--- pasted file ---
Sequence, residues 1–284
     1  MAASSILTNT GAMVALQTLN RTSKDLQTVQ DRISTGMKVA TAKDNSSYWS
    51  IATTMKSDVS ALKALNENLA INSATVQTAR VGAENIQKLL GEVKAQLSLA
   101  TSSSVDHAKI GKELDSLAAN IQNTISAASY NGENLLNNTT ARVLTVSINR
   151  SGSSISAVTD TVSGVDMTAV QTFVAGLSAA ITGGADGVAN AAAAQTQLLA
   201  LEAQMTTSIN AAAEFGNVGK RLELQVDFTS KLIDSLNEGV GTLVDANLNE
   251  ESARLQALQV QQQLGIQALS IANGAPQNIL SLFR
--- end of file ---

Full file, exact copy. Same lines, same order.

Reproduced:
Sequence, residues 1–284
     1  MAASSILTNT GAMVALQTLN RTSKDLQTVQ DRISTGMKVA TAKDNSSYWS
    51  IATTMKSDVS ALKALNENLA INSATVQTAR VGAENIQKLL GEVKAQLSLA
   101  TSSSVDHAKI GKELDSLAAN IQNTISAASY NGENLLNNTT ARVLTVSINR
   151  SGSSISAVTD TVSGVDMTAV QTFVAGLSAA ITGGADGVAN AAAAQTQLLA
   201  LEAQMTTSIN AAAEFGNVGK RLELQVDFTS KLIDSLNEGV GTLVDANLNE
   251  ESARLQALQV QQQLGIQALS IANGAPQNIL SLFR